As the physical size of today's Americans continues to expand, so must medical equipment to adequately and safely treat obese (or bariatric) patients. To answer the need, Baptist Hospital in Nashville opened a medical imaging suite this spring to accommodate large patients and equipped the room with a first-of-its-kind X-ray system.
"As a diagnostic radiologist, one of the major problems that we have with the obese patient population in the United States is obtaining quality imaging on them. One of the reasons is much of the equipment has been standardized to weights at around 350 pounds and less," explained Dr. Alan Horn, a Baptist Hospital radiologist.
The new Sonialvision Bariatric R/F, manufactured by Japan-based Shimadzu, takes care of that problem. The multipurpose radiographic/fluoroscopic X-ray system can handle patients who weigh up 700 pounds, and the table can actually move and tilt while holding patients who weigh up to 500 pounds. Frank Serrao, North America marketing manager for Shimadzu Medical Systems USA, said the Sonialvision Bariatric is the first system manufactured specifically for the oversize population, and Baptist bought the first one in the United States. As a result of site visits by physicians and other healthcare providers to Baptist over the last few months, half a dozen installations are underway at other American hospitals with completion expected by the end of the summer, he said.
Shimadzu started working toward this product nearly three years ago, Serrao said, after he began talking to radiologists and bariatric surgeons about their needs and letting Japanese designers know what he was hearing. He said many expressed liability and safety concerns inherent in using equipment not designed to support excessive weights, and many more admitted to him that obese patients oftentimes were transported by private ambulance to large-animal veterinarian offices for diagnostic imaging. At the 2006 annual meeting of the American Society for Bariatric Surgery (ASBS), Shimadzu's booth experienced "a flurry of activity" from excited physicians at the prospect of the Sonialvision Bariatric, he said, and he plans to be at the 2007 ASBS convention this month to show off the finished product.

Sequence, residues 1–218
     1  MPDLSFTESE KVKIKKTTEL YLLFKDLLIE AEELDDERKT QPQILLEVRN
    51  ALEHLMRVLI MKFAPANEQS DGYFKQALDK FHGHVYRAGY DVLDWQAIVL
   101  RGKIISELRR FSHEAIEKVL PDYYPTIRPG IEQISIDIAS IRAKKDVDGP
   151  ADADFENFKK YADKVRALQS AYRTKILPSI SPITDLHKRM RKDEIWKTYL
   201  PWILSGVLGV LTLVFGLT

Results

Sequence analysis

Not only is the Sonialvision Bariatric table sturdier and its gears more heavy-duty, the table is also wider; thus, it's safer because the patient's shoulders don't fall off the edges. The table can be raised and lowered for patient loading and unloading at comfortable heights. Horn praised the redesign of the Shimadzu product, which also provides more room for patients between the table and equipment above. That's possible because the image detector is below the table and the X-ray tube is above the patient, which is the opposite of typical X-ray systems. The X-ray tube is easily moved up and down to accommodate larger patients. "The X-ray tubes and the tables move very freely compared to some of the more restricting tables that we have used in the past," Horn said.
The excess tissue of a bariatric patient also makes imaging difficult. "X-rays work by basically penetrating the tissue, and when they bump into the tissue, they are essentially deflected. Some of them get through, and some of them don't," Horn explained. Thus, the Sonialvision Bariatric boasts a 1 million-pixel, charge-coupled device (CCD) camera, which produces high-definition, high-contrast images that Horn said are particularly valuable for gastrointestinal exams. The camera captures images at up to 15 frames per second, five times faster than typical cameras.
Baptist's new bariatric imaging suite has wider doors, and the rooms are simply bigger. "Standard hospital imaging rooms are not built to fit oversize beds and oversize wheelchairs to even get the patients into the room safely. Often these patients can't ambulate well," Horn said.
Baptist's radiologists and bariatric surgeons worked as a team, Horn said, to design the suite, which represents an investment of about $540,000. Baptist's Metabolic Surgery Center is designated as a Center of Excellence by the ASBS. "It's important before bariatric surgery to do an adequate exam of the patient's esophagus and stomach in order to make sure there's nothing abnormal either from a congenital basis or pathologically that might be a reason to, number one, avoid the surgery, or number two, that should be addressed prior to having the surgery," he said. Imaging after the surgery is also critical, he added.
Serrao anticipates that bariatric imaging will see growth as a niche market. "Bariatrics is pretty much a North American phenomenon, but it's starting to creep up in the rest of the world," he said. He said the Sonialvision Bariatric is "going through its third evolution now, and I can honestly say we have the only dedicated imaging system out there."